Note: In two weeks, the name of this column will change. Modern Life will become Finding My Way. This move coincides with the release of my new book “Finding My Way: A Latter-day Pilgrim, an Ancient Path, a Closer Walk with Christ.” The weekly content of these columns will not change in tone, style or direction. It simply allows my various writing projects to cluster under a single umbrella. Now, on with the column.
How are you spending your summer vacation? I started mine by driving my 11-year-old Honda 5,200 miles. I drove to Washington, D.C., and back to be part of the high school graduation of a very happy granddaughter. Due to other commitments, my wife stayed home. So it was just me, the open road, the radio, excellent air conditioning and my favorite CDs.
This is, admittedly, the stuff that dreams are made of. From Alexis de Tocqueville to Jack Kerouac to Paul Simon, we’ve all come to look for America.
This isn’t the first time I’ve done a cross country run. But it was the laziest. Permit me to list a few of my observations, in no particular order, and certainly not ranked in order of importance.
First, we’re getting gouged on gasoline. I saw prices above $3.00 per gallon in Idaho, Utah…and nowhere else. Along my route through the central Midwest and East, including cities, gas prices hovered around $2.60. The cheapest gas I saw was $2.43, in Washington, DC.
In case you’re wondering, the world’s largest truck stop (self-anointed—I haven’t been able to independently verify the claim) is on I-80 in Iowa near the Illinois border. I stopped in to investigate. It is, in fact, really, really big, but the WiFi was lousy.
There’s still a lot of flooding along the Mississippi and Missouri rivers. Seeing it in quiet, three-dimensional real life, instead of voiced-over two-dimensional news video is much more impactful. God bless the farmers caught in nature’s angry cross-hairs.
There’s a motel in Nebraska where the WiFi sign-on is popcorn24. This is because they proudly offer free fresh popcorn 24 hours a day to all comers. This, my friends, is marketing at its finest.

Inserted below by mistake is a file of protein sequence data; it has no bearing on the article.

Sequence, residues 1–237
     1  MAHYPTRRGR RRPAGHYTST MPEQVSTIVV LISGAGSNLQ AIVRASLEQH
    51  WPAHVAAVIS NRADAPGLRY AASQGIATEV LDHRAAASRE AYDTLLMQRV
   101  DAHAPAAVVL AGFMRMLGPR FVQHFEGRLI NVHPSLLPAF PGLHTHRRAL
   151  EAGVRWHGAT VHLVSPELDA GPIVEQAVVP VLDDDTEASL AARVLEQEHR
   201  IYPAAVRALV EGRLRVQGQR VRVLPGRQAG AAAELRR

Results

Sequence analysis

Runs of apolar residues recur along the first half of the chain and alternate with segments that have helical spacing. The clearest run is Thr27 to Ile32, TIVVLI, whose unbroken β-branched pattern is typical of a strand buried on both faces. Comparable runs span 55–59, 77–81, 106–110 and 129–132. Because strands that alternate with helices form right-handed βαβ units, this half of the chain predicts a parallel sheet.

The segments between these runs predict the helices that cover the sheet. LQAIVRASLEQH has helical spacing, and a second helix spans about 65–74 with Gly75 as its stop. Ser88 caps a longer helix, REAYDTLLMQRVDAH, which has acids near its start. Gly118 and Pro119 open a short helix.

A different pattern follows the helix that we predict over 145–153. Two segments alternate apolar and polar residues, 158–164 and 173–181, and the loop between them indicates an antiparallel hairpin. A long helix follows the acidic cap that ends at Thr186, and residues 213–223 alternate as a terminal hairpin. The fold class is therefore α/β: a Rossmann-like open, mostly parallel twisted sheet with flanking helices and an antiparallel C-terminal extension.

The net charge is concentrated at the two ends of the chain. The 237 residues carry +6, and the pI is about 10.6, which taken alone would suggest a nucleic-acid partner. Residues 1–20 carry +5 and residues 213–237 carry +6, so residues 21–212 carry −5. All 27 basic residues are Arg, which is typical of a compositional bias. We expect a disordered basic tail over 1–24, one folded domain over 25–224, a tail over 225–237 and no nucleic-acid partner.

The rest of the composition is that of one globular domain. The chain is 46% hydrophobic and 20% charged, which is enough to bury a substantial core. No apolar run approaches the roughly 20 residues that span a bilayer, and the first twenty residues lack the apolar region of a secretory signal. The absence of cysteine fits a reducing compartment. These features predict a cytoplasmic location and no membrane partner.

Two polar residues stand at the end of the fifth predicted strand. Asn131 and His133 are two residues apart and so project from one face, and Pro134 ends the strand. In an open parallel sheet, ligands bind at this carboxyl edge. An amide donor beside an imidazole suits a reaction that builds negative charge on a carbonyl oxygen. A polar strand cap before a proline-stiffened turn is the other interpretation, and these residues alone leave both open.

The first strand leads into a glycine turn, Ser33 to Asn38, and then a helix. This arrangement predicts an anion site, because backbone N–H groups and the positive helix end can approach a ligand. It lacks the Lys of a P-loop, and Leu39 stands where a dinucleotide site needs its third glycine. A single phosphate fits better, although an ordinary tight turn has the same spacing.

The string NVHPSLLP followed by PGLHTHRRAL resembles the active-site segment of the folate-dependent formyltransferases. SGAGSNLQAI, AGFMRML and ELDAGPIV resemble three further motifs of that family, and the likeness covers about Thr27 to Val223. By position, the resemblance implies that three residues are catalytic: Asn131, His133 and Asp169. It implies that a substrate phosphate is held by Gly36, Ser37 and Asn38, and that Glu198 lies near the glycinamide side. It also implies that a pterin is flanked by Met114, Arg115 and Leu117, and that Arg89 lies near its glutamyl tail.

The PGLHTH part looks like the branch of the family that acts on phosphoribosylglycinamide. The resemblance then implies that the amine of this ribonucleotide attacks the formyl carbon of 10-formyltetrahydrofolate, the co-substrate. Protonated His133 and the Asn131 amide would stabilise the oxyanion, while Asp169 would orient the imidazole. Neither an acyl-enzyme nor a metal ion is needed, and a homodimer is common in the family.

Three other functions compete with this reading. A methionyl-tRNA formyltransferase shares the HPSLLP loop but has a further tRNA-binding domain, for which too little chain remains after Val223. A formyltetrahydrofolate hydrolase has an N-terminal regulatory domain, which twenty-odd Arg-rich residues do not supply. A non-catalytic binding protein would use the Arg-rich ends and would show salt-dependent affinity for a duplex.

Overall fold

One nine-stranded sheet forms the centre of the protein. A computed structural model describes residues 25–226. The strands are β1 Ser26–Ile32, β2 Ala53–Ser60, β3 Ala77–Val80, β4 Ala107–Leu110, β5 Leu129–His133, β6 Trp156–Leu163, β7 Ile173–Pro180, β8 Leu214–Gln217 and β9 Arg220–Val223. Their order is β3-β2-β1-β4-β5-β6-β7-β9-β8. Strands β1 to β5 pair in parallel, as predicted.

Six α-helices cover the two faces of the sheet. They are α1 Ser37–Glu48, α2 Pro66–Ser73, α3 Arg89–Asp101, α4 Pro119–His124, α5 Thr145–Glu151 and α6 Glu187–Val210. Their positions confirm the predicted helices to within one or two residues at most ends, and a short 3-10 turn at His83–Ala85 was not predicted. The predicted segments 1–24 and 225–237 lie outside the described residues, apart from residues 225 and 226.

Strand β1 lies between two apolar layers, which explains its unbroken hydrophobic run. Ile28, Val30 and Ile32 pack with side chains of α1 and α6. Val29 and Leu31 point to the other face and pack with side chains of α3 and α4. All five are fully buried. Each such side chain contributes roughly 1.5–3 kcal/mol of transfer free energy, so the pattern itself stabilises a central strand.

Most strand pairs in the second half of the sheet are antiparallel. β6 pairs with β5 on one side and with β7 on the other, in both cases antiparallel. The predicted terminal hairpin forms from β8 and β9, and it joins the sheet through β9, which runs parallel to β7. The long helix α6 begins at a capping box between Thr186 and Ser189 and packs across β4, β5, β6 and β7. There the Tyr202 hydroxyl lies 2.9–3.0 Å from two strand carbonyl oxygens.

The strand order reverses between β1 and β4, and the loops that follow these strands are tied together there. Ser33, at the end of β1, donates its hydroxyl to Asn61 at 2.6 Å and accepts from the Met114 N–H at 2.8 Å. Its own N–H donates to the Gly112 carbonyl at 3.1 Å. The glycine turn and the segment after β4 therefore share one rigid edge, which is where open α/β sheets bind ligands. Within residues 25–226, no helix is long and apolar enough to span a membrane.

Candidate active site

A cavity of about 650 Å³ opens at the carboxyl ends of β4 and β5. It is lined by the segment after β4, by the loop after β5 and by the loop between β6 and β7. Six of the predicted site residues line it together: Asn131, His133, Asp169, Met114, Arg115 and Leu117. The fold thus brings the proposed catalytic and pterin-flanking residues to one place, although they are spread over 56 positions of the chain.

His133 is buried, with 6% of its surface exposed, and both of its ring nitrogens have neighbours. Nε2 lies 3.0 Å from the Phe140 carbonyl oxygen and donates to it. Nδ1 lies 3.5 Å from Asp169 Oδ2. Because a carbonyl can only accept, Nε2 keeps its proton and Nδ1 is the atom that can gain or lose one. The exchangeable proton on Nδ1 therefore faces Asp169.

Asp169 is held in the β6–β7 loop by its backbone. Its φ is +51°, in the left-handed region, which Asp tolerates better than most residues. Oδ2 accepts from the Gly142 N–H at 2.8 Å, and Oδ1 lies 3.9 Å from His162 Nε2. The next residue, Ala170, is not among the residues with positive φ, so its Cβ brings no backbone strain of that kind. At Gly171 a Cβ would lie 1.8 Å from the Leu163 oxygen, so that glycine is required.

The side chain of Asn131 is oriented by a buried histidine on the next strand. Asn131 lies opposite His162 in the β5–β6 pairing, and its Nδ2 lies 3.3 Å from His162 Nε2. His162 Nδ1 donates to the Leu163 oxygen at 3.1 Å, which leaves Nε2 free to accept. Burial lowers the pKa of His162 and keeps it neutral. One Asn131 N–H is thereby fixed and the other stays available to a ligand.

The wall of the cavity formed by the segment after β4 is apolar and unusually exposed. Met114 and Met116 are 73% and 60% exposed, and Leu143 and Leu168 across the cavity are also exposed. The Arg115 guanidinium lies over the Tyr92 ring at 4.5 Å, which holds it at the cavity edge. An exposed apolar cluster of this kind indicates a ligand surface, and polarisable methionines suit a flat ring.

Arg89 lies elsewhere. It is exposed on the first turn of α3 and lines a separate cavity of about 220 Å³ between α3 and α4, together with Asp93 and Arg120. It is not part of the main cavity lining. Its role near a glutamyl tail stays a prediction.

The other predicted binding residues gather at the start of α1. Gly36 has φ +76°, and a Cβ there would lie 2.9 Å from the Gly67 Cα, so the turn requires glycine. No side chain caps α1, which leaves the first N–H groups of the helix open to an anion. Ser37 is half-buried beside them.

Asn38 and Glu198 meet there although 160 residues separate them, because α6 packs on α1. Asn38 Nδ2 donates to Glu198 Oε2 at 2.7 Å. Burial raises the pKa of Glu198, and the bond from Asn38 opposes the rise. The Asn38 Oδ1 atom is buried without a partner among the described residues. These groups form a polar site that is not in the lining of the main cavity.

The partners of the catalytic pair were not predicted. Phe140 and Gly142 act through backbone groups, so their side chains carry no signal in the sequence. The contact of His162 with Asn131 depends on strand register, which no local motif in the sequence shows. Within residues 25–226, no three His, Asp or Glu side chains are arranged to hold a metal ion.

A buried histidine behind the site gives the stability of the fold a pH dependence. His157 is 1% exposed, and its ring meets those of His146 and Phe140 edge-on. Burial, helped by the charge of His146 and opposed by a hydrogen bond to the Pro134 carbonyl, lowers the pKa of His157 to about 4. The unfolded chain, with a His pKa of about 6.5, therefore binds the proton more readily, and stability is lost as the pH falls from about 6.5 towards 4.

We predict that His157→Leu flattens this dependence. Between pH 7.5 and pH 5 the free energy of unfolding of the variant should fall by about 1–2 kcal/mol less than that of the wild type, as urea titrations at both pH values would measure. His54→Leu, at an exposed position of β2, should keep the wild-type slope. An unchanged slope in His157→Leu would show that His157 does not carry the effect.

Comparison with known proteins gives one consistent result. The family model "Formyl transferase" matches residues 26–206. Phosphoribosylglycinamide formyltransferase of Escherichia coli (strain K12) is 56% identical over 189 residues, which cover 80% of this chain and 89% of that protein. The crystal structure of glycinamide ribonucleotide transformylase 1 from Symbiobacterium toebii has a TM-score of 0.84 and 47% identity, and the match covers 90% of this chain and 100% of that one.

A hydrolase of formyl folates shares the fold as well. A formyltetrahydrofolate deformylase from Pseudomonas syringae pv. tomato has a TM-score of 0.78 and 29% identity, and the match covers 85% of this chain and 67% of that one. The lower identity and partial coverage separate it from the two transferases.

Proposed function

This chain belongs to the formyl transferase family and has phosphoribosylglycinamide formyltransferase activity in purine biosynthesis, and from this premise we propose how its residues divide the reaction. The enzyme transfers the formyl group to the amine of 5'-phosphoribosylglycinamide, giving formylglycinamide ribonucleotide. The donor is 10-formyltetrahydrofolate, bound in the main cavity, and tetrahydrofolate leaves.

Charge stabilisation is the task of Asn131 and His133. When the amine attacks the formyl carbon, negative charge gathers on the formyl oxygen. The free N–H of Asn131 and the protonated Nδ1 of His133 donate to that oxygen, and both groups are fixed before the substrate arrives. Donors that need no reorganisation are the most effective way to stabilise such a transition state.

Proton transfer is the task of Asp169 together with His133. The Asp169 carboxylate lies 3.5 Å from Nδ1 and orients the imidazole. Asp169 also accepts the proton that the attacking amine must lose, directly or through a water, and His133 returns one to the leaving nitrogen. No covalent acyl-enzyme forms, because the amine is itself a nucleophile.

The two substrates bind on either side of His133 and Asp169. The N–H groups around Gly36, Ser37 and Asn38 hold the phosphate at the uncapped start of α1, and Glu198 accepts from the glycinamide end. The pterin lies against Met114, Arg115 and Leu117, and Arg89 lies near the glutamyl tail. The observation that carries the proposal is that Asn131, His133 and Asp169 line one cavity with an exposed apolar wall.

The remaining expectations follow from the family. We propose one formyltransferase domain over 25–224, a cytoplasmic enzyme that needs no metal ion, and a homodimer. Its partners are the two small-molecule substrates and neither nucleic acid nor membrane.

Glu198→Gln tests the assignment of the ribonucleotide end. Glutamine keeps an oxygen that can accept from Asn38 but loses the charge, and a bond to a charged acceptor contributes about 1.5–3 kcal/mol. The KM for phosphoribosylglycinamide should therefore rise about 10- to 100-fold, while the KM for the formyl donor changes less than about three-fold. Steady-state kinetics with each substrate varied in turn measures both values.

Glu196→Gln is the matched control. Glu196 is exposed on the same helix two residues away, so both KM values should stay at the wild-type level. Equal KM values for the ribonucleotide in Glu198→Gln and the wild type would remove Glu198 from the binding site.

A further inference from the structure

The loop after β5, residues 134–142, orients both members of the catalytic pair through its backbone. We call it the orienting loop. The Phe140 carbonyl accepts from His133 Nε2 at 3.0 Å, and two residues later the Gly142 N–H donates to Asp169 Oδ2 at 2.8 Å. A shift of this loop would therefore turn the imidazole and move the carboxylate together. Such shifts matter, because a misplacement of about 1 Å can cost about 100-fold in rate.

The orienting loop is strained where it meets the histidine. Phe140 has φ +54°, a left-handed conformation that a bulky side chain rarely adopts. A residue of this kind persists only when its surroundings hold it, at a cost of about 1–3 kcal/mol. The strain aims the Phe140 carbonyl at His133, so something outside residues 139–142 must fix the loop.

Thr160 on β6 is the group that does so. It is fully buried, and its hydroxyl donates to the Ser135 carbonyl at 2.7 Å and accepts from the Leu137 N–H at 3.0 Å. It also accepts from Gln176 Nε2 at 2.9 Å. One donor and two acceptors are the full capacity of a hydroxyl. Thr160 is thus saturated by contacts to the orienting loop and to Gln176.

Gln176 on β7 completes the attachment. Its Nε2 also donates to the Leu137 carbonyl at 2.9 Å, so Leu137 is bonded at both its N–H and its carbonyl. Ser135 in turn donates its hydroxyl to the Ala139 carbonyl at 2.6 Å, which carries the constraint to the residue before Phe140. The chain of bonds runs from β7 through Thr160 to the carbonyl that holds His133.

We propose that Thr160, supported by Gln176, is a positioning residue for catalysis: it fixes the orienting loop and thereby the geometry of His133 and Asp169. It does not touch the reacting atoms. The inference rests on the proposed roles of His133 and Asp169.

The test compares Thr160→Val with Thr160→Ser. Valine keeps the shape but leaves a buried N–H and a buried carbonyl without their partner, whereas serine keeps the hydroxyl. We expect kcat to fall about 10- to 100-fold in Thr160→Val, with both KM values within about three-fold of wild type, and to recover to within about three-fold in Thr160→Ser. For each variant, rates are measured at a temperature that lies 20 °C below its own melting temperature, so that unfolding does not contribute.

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Indiana roads are a step below all the states surrounding them. I’ve never dodged more freeway potholes in my life.
Finally, much is made over the divisions that exist in America today. During my travels I saw several billboards reminding motorists of Abraham Lincoln’s observation on what happens to divided houses. But by the end of my trip I decided the problem isn’t as bad as we think.
To put it simply, I realized the stridency of our take-no-prisoner divisions is being forced upon us by a relatively small group of people in this nation of 330 million, who, in every single case, stand to profit financially by fomenting anger and distrust of others.
The problem is not that we hold different opinions, it’s the relentlessness of the message that our differences are unreconcilable and must unavoidably generate anger.
This simply isn’t true. You have friends with whom you occasionally disagree. So do I — even if our friend owns a collection of AR-15s, or believes that universal health care isn’t the worst idea ever for the richest nation on earth.
Every friendship hinges on the things we have in common, and politely sees beyond what separates us. My wife loves me, even if she grits her teeth if I plop down on the couch when “there’s work to be done.” And I love her, even if she falls asleep while watching a movie I love, and, upon waking, declares the movie she has just missed to be dumb.
Intelligent people can hold different opinions and still be kind, loving and open towards each other—sort of like walking and chewing gum at the same time. I was refreshed to see this first hand from one end of the country to the other. That’s part of our magic as Americans. It’s just that these days we have to work harder than usual to remember it.